EU Digital Copyright Law and the End-User
Springer Berlin Heidelberg, 2010 M10 19 - 374 pages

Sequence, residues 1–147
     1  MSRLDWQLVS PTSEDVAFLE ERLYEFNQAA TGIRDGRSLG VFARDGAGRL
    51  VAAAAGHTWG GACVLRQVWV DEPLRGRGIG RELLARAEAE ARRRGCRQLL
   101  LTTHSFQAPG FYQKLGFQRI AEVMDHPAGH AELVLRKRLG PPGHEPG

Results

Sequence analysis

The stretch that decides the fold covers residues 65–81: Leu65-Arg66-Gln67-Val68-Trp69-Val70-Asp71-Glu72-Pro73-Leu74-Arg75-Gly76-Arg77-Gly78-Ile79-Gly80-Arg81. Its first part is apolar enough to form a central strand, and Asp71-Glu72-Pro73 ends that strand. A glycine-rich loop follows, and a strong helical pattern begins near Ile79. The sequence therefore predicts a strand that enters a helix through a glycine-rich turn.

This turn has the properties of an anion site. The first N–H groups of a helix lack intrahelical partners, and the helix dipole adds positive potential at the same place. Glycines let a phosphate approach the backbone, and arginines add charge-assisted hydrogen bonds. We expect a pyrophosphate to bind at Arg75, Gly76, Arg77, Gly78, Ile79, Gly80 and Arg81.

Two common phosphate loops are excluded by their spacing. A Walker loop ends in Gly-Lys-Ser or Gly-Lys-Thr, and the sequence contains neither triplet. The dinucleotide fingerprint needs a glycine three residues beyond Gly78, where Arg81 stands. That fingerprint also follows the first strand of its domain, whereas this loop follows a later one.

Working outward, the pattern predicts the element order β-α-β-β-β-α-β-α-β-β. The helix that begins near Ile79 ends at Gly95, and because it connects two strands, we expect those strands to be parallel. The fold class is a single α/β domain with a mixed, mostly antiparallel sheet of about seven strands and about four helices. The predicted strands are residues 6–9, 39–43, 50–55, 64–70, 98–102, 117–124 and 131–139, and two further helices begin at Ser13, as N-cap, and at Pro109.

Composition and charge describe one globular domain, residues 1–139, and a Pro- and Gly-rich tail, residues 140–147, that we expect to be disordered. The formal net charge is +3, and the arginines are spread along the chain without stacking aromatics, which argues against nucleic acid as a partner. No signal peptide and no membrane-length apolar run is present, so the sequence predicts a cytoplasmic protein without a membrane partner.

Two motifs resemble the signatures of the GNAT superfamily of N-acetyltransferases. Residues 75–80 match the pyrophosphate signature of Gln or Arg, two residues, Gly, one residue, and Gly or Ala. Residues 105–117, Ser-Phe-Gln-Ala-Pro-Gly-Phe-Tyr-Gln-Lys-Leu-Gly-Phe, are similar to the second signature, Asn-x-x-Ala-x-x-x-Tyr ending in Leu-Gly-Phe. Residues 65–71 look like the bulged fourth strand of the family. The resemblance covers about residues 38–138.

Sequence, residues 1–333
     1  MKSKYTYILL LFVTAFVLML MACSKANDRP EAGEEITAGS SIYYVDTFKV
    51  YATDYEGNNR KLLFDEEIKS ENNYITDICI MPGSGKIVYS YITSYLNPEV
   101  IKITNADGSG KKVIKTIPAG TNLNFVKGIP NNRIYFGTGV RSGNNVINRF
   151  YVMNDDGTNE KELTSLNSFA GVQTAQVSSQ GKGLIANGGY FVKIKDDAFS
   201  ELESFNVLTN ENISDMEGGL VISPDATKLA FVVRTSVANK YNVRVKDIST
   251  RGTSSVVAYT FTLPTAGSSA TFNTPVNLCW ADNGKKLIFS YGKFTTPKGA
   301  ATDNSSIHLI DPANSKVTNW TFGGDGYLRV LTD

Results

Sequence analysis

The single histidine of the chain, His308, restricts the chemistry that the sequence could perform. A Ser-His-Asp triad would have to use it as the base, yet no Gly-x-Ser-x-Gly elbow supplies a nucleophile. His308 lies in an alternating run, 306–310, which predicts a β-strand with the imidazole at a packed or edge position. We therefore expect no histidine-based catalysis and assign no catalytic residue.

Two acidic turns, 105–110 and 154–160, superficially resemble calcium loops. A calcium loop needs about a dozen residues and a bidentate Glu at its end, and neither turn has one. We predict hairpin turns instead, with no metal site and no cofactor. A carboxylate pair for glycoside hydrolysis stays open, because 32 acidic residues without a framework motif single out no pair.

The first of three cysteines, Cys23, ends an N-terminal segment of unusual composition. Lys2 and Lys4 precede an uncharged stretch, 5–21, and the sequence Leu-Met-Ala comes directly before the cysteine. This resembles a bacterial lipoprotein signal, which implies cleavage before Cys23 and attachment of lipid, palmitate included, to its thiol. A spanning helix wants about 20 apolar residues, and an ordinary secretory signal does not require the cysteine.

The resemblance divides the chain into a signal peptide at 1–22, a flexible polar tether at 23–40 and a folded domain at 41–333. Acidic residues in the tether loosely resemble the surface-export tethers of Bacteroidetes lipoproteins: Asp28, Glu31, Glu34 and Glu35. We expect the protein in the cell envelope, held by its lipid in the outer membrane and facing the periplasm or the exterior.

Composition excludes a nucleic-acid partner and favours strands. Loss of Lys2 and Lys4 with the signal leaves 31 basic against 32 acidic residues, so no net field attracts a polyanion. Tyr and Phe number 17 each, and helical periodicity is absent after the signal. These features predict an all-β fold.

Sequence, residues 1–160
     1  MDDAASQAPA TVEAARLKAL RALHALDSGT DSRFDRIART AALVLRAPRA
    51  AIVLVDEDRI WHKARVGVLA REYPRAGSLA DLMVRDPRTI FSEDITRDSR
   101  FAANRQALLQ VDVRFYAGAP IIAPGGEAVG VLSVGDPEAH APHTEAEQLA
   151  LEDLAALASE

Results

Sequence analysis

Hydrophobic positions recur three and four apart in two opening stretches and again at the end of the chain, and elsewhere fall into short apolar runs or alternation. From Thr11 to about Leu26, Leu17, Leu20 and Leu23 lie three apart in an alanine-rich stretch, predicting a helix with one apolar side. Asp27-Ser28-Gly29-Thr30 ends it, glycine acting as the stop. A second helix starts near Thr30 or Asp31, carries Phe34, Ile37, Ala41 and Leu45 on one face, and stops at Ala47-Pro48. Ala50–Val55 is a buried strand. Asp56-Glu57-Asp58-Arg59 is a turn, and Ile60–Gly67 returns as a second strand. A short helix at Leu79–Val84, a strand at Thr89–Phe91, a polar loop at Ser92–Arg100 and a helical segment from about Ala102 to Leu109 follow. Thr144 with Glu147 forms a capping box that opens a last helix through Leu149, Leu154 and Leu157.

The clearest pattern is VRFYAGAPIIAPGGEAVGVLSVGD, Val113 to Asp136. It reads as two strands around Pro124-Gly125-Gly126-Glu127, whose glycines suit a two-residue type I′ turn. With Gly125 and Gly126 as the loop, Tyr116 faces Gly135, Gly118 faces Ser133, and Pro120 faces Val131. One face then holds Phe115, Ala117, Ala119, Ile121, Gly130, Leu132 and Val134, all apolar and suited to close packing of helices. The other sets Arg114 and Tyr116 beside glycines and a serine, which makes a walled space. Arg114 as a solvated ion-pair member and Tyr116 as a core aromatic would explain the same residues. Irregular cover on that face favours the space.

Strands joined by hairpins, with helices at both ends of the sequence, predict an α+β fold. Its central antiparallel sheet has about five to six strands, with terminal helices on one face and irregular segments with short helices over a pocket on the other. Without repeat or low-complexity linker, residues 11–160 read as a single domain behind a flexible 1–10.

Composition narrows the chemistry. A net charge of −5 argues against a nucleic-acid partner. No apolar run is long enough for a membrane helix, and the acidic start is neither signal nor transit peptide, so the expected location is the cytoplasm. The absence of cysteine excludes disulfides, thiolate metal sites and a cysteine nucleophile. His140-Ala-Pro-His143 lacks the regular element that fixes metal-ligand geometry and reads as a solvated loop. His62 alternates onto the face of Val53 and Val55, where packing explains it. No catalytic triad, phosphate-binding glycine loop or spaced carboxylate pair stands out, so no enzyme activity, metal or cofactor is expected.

This book draws on the contents of the Ph. D. dissertation I wrote and defended at the European University Institute (EUI) of Florence. At the beginning of my - search, I did not expect to write a book on the intersection between copyright law and digital technologies and, in particular, on the implications that digitisation presents for the interests of users of copyrighted works. At that time, I was neither an expert on new technologies nor an avid user who viewed the Internet as a “no copyright land” where anyone should download whatever content for free. Before graduating from the University of Perugia School of Law, I had established myself as a clarinet player who performed mostly chamber music and the symphonic r- ertoire. I had also worked extensively as a radio speaker, music critic and writer with the Italian public broadcaster RAI-Radio3. In performing all these mus- related activities, I developed a considerable interest for copyright issues and, when choosing my dissertation topic, I immediately opted for a work on copyright law that examined the economic rights of music performers under the Italian and the EU legal systems. I was very curious to see how and to what extent the law sought to protect the subtle, particular kind of creativity and originality embodied in musical performances. That was my first step towards writing a book on co- right law.